Scientific materialists claim that consciousness presents a ‘hard problem’ that will ultimately be solved by science demonstrating how consciousness is created by brain activity. Personally I think this is nonsense – consciousness lies outside the domain of science. In this post I explore what consciousness is through the lens of the philosophy of panpsychism, as presented in philosopher Christian de Quincey’s book Blind Spots.
Consciousness (or mind) is subjective, it is undetectable, is not measurable, and is not located in space.
Physical entities have extension in space, consist of matter-energy and can be measured by science.
Consciousness and matter/energy are the inner and outer of existence. They always go together. Consciousness is the capacity for knowing, feeling, being aware, making choices. It needs energy to act. Consciousness is pervasive throughout the universe, and goes ‘all the way down’ to the smallest components.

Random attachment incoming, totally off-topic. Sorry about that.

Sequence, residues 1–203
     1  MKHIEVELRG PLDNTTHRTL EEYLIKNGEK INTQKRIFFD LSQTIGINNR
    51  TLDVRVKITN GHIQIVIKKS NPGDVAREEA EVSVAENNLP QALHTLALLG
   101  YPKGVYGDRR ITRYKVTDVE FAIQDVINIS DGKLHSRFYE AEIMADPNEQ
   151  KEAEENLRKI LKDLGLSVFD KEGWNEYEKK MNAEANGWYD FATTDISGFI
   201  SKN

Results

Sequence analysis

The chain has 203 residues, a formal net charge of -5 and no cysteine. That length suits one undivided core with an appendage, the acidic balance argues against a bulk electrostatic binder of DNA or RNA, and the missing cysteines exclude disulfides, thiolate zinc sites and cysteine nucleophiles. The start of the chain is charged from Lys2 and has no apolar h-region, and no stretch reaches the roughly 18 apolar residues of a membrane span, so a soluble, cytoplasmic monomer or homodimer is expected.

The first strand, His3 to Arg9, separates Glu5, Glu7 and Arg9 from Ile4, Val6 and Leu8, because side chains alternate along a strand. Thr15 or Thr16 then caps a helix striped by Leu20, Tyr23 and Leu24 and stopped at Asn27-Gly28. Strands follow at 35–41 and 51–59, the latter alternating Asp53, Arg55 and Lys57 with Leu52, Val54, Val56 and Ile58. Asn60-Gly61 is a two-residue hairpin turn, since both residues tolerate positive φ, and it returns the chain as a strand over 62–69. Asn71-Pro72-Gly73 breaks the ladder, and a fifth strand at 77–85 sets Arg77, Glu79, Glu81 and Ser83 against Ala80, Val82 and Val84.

Consciousness gives meaning to the universe, gives an order that would otherwise dissipate through entropy, according to the laws of thermodynamics.
Consciousness provides a potential explanatory ‘mechanism’ for phenomena of action at a distance, such as intentional healing, remote communication, quantum interconnections and other well-documented phenomena – which provide great difficulty for science.
To me, this all seems rather more plausible than scientific materialism, and seems consistent with the world as I see it, and as it is reported by others.
Does this matter? Well yes, it is crucial. Scientific materialism and the relentless focus of materialist economics and everyday life on the outer, as opposed to the inner, is actually in the process of destroying the world it has created, through a lack of the wisdom that comes from inner focus. Do I need to mention the evident lack of sustainability again: global warming, pollution, wars, inequality, lack of concern for the poor etc.?
Do read Blind Spots or another of de Quincey’s books.
Featured image entitled ‘The path to consciousness’ is by Sar Maroof, via Wikimedia Commons